How To Have A Great Day.

How do you start your day?

Probably with a blaring alarm. You open your crusty eyes to the same alarm that told Londoners to get ready for another bombing run. Every morning begins with a new level of fury. Good lord. It’s just not right, people.

I’ve found a new rooster, and his name is Bruce Springsteen. And not just any Bruce Springsteen, but a special track off his new album, “Wrecking Ball”.

The song in question was actually penned a decade ago, but we’ve only been privy to it in live performances, or as a recorded track of one of those live shows. Bruce never recorded it in studio (as far as we know).

Now, you might have heard about Bruce’s new album. It’s angry. It’s all of the best parts of The Rising and his live folk-rock album, Live in Dublin. It’s beautiful, foot stomping music, a ode to the sad state of our country, the way we got here, the people who knowingly brought us to this place, who have more or less walked away scot-free, and finally, to the rest of us, left behind.

But the second half of the album (and it is, in the truest sense, a cohesive album), begins to lift us. It acknowledges the suffering, but looks forward to a better day, however far off it may be.

And this hope crests with “Land of Hope and Dreams”.

This version of the song is nearly seven minutes long. But it’s no “Stairway to Heaven”. After a brief, soulful opening, it punches you in the face with the full power of everything Bruce wants you to feel: empowered, energized, rejuvenated, lawfully, spiritually and morally sanctioned to go out and do your very best. And when you finally reach the sax solo by Bruce’s best friend, the late Clarence Clemons, recorded before his death last year, you can’t help but realize: life goes on. Today’s the day I get up and get it done. I move on, I embrace what I have and work for what I don’t. What I want. What my family needs. We live in a beautiful time and a beautiful country.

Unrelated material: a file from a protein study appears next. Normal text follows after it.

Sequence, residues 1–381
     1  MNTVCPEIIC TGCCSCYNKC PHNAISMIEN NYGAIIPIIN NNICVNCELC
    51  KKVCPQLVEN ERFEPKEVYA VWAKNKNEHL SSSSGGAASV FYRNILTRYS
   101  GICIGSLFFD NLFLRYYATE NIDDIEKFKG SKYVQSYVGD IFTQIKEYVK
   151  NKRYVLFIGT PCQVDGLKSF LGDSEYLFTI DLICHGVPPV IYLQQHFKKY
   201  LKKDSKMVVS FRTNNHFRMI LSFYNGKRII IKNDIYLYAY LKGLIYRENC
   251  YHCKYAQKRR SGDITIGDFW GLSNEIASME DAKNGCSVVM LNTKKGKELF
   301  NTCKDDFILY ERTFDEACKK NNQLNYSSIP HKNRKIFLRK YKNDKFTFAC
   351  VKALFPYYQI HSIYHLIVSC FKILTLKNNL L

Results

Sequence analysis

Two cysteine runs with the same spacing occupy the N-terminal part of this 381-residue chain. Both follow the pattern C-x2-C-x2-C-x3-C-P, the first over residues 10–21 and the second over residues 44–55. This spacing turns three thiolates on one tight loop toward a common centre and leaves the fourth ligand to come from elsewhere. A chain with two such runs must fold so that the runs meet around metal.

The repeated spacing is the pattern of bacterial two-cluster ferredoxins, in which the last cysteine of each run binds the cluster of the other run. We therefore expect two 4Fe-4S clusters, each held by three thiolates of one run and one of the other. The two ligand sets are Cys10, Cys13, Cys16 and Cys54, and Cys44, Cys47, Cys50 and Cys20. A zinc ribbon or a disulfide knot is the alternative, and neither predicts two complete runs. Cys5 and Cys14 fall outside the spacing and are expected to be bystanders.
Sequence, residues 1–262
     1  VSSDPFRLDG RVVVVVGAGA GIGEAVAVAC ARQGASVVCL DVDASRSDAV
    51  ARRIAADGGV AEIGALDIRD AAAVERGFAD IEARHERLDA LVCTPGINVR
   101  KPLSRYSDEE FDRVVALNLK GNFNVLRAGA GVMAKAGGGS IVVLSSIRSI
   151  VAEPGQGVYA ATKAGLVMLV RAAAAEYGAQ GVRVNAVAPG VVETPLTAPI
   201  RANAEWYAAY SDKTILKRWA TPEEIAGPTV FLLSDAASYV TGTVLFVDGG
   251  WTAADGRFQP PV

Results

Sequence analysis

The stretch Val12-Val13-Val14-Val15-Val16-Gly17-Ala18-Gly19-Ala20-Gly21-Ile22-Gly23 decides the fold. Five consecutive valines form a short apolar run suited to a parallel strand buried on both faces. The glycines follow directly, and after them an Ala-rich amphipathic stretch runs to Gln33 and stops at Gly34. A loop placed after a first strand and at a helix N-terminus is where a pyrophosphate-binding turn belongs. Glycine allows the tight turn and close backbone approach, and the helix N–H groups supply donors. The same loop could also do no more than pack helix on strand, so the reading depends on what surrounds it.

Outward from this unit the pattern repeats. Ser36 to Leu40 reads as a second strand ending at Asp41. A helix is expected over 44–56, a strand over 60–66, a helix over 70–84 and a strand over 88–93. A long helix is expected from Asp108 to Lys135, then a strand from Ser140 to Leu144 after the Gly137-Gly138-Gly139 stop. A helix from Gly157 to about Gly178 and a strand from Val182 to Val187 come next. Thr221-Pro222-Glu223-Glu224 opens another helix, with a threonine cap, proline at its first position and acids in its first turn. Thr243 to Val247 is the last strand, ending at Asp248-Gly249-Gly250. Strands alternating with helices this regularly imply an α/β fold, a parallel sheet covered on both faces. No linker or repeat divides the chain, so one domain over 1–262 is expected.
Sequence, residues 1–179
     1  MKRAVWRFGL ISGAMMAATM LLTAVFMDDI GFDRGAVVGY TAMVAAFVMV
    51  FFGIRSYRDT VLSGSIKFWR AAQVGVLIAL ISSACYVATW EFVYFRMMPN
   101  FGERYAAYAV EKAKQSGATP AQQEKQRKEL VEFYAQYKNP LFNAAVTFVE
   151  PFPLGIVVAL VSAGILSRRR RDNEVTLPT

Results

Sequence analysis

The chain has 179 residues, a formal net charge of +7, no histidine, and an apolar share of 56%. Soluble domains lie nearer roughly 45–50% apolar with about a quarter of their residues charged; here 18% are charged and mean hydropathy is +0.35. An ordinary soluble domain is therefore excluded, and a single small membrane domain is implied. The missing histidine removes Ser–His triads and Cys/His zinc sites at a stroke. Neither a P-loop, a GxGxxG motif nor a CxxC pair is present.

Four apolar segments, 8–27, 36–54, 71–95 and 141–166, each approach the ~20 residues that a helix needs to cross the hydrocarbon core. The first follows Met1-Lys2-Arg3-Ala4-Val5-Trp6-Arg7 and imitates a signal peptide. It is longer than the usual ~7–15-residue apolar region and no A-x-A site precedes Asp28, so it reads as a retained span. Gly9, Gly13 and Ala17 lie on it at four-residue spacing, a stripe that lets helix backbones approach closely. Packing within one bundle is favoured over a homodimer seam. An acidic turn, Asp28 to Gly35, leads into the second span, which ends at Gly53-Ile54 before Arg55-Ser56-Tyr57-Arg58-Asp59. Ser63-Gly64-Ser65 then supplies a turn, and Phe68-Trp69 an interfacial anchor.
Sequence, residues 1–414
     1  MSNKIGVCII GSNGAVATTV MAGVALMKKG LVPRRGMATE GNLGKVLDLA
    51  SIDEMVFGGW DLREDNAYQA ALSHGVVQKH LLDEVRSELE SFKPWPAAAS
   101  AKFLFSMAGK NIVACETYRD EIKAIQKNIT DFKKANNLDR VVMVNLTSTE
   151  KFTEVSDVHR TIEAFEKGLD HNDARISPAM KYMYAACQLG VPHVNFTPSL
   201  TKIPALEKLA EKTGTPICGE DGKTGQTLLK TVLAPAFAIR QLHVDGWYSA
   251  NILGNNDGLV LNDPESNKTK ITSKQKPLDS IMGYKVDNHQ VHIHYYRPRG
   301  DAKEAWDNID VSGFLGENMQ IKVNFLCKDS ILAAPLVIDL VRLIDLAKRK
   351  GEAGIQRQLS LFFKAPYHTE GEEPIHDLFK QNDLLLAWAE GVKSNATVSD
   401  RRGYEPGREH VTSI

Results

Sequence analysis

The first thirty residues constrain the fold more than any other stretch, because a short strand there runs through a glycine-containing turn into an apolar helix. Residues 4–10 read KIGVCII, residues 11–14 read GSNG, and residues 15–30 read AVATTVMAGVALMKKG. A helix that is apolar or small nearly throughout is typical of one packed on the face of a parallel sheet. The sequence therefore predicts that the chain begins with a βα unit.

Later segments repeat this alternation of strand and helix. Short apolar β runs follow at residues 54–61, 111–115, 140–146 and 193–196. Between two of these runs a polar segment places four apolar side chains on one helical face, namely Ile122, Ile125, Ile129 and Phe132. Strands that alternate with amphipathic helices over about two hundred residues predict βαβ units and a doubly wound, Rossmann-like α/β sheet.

If there ever was a “seize the day” track, this is it.

I encourage you to do what I did.

1. Download the song (or the whole album) here, off iTunes. Or, if you use Spotify, go here.

2. Get in your car.

3. Turn on your car.

4. Don’t go anywhere. This is key.

5. Press “play” on the song.

6. This is also important: turn it up as loud as you can take it. It’s going to be overwhelming. That’s ok.

7. Close your eyes and let it wash over you. Don’t check your phone or email, don’t fucking text anybody. Just wait. It’s only seven minutes. No one’s going to miss you. Just release, and let your mind be free.

8. Rinse, and repeat.

Tags